MTA Chairman H. Dale Hemmerdinger said: “At a time when the MTA is facing mounting fiscal challenges, we are thrilled to be able to offer this service to our customers at no cost to taxpayers. Google Transit will encourage ridership and underscores the importance of the MTA to the region’s economy and environment.”
Will encourage ridership. Saves MTA (web) resources to focus on other initiatives.
MTA Executive Director and Chief Executive Officer Elliot G. Sander said: “The MTA is delighted to partner with Google to provide our customers with this cutting-edge tool for getting around our 5,000 square-mile territory. Customer service is a top priority, and this is just the latest example of how the MTA is pursuing innovative ideas to serve our riders.”
Innovative form of customer service.
New York City Deputy Mayor Edward Skyler said: “[…] One of the keys to increasing mass transit usage is making it easier for people to understand how to use the system. This partnership between Google and the MTA does exactly that. It harnesses the power of Google’s innovative search technologies to allow residents and visitors to more easily understand how mass transit will get them to where they need to go.”
Will make transit more accessible to new users, both residents and visitors.
John Hanke, Director of Google Maps & Earth, said: “We are extremely pleased to join forces with the MTA to provide information about their vast transit system in Google Maps. By being able to access station and schedule data for the largest public transit system in the United States via Google Maps, users are exposed to the availability and convenience of public transportation and are better equipped to take advantage of all that the New York metropolitan region has to offer.”
Expands reach of transit options to HUGE auxiliary audience outside of transit agency’s own website.
At no cost to the MTA, Google and the MTA collaborated on the development of Google Transit for the New York region, joining other major public transit providers who had launched similar services with Google, such as Chicago Transit Authority ( CTA ), NJ Transit, San Francisco ( BART ), Atlanta ( MARTA ), and internationally, Moscow and Tokyo.

The project involved consolidating and reworking disparate MTA schedule and station location data into a format that would enable the service for the New York region. This information will be made available to other developers to enable development of new customer-focused services in the future.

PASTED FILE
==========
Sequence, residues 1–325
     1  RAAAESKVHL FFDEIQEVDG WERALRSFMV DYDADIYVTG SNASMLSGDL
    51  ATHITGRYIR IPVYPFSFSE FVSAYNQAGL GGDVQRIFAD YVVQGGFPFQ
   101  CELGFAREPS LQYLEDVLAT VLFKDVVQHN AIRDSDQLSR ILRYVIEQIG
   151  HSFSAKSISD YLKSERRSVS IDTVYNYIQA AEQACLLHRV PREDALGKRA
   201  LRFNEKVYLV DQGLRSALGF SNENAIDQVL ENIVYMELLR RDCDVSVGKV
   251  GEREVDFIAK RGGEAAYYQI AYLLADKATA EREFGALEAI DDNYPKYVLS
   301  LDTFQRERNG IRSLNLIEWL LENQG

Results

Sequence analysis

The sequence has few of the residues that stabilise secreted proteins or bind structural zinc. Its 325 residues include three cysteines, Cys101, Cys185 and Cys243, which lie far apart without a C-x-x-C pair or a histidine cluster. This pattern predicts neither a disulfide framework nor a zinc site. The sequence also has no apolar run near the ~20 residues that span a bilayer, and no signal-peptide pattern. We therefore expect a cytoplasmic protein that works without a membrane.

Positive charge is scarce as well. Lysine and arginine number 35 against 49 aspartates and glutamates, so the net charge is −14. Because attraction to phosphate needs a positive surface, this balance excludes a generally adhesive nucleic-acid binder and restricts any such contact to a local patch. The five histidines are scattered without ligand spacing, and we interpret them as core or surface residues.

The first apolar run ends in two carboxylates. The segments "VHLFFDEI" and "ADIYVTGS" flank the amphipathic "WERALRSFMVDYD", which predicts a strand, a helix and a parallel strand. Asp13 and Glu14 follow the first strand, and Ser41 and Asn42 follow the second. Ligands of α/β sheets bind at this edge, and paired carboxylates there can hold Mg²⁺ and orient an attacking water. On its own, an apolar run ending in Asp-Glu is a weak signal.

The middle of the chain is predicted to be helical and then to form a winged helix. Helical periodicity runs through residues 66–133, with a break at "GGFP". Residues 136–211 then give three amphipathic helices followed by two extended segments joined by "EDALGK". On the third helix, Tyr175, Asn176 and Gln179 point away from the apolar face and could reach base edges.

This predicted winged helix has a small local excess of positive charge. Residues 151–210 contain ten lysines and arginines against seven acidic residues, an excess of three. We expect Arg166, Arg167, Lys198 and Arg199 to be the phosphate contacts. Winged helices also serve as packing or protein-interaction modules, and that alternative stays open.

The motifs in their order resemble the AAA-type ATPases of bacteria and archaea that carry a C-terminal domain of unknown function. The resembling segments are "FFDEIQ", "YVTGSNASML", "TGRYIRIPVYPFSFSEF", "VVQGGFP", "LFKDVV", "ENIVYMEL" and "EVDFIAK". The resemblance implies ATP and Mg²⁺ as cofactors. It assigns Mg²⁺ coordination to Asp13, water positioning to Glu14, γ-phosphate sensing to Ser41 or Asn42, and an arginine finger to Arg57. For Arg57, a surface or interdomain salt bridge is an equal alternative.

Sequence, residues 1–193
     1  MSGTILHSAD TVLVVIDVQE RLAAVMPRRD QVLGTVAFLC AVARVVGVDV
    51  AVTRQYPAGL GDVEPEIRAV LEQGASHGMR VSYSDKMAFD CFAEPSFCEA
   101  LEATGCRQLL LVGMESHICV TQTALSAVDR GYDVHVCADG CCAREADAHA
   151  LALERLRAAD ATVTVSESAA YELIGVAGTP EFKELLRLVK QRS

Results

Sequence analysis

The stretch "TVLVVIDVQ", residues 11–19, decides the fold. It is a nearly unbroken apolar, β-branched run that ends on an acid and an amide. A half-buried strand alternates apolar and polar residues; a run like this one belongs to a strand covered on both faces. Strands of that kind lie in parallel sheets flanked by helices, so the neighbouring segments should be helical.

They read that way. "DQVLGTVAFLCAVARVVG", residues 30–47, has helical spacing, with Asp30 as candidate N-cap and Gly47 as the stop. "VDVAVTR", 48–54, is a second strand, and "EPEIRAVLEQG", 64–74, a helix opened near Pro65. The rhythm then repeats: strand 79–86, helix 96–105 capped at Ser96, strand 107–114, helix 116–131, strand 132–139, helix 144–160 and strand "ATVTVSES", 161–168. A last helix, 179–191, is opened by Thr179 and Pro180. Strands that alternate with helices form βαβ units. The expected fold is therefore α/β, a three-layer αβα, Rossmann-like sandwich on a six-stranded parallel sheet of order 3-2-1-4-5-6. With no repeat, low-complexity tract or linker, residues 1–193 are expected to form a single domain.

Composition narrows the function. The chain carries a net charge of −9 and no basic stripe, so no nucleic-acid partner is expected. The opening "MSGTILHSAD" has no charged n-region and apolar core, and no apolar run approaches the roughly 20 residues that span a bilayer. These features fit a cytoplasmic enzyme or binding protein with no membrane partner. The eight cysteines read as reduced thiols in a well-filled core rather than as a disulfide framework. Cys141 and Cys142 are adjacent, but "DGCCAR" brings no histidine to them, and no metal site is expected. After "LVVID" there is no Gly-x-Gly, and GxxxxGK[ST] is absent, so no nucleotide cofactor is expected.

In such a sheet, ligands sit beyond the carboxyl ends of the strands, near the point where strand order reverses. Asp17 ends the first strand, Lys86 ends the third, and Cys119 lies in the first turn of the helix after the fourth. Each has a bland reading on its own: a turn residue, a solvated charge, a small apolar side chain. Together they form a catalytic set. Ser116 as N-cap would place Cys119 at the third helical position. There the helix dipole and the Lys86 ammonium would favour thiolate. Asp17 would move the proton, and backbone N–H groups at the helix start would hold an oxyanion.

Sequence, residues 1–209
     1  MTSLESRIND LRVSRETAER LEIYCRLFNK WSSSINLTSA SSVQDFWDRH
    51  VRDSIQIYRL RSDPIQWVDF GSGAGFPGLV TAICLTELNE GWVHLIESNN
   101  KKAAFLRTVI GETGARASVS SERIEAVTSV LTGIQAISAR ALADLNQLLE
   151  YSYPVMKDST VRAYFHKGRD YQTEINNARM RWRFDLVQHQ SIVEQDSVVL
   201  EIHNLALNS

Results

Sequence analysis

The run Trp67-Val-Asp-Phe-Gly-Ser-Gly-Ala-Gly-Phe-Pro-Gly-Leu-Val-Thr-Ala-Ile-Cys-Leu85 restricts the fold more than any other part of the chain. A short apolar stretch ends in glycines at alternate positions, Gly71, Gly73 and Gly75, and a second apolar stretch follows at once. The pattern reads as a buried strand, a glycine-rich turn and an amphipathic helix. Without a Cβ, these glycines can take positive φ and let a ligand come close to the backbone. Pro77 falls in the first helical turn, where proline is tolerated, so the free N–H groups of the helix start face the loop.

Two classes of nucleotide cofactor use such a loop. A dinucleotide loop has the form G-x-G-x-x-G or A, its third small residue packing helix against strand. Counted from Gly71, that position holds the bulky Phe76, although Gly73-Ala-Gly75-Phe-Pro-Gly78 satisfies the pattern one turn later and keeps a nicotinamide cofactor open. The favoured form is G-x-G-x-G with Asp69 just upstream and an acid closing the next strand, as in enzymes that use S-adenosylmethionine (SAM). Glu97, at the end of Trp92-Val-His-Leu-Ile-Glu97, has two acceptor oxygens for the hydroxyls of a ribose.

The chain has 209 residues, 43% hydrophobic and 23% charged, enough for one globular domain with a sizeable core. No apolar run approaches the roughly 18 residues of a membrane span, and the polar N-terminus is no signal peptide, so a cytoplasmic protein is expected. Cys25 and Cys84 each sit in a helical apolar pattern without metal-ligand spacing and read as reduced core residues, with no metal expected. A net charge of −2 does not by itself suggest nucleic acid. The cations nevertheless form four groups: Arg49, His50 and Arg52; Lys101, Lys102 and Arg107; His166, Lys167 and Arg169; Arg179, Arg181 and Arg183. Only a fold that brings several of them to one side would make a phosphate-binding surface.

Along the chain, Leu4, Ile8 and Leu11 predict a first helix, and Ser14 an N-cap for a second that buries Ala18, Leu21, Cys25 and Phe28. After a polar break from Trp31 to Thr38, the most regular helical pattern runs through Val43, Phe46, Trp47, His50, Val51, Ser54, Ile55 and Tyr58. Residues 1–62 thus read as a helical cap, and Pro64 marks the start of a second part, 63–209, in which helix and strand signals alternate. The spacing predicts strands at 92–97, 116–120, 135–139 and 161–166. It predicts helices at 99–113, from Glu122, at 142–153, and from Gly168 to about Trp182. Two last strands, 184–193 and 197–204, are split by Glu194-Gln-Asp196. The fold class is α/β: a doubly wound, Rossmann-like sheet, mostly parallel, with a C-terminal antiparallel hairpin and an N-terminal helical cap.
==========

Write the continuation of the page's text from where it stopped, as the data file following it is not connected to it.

Google Transit complements existing MTA trip planning services, including Trip Planner and Trips 123, by providing another way for riders to discover the wealth of services that the MTA offers.
A true no-brainer in every sense of the word.

Not for nothing, it was two years ago next week that we first suggested Septa get on board with Google Transit when Google Transit launched in Pittsburgh in October 2006.

It is now, today, still as good an idea as it was then and Septa should be straight-up pilloried until they get over their reactionary fear of change/progress and bring Google Transit to Philadelphia.

Related:
Governor Patterson Announces Partnership Between MTA and Google To Help Customers Navigate Transit System [ Newswire ]
Google Transit Expands to New York [ City Room - New York Times ]
Google Says Its New Program May Boost Transit Ridership [ New York Sun ]

Earlier:
Google Transit To Solve Pennsylvania Public Transit Woes

Thursday, September 25, 2008

Breaking: City Agrees To Much Improved Design For The South Street Bridge

Remember the situation regarding the critically flawed, auto-centric design of the new South Street Bridge? Well, the work of the South Street Bridge Coalition over the past several years seems to have paid off. They have achieved a significant victory in securing a much more pedestrian-, bike- and city-friendly design for the new bridge.

The city recently agreed to amend the bid package that was sent out to prospective contractors — they’ve now included an addendum of design changes to the bridge that will significantly improve the bridge ability to smartly fit into the seamless urban context of a more livable Philadelphia.

Here’s the statement from the Coalition:
We are pleased to inform you that the City of Philadelphia is releasing an addendum to the bid package for the South Street Bridge Reconstruction Project. This addendum includes many of the changes that were agreed upon by the City of Philadelphia and the South Street Bridge Coalition:
  • Vehicle Lane Design – A four-lane traffic design will replace the five-lane design.
  • Crosswalk at Schuylkill River Park – An additional crosswalk with a pedestrian activated traffic signal will be added at the ramp and stair from the Bridge down to the Schuylkill River Park. The traffic signal will be portal mounted above the roadway. The curb ramps at this crosswalk will be widened to 6-ft. on both sides of the Bridge to allow multiple bicyclists to simultaneously cross and access the bicycle lanes.
  • Speed Limit – The posted speed limit for the entire Bridge and viaduct will be reduced to 25 MPH.
  • Bicycle Lanes – Bicycle lanes have been widened as a result of the reduction in the number of vehicle lanes.
  • Advanced Bicycle Stop Bars – Bicycle stop bars will be advanced to allow bicyclists to get ahead of motorists for greater visibility and safety.
  • Lighting – Pedestrian style lights will be installed. The majority of the bridge lighting will be sidewalk mounted at the curb. All light standards will include mounting brackets for future banner placement.
  • Signal Timings – Traffic signal timings have been optimized for pedestrian movements and safety.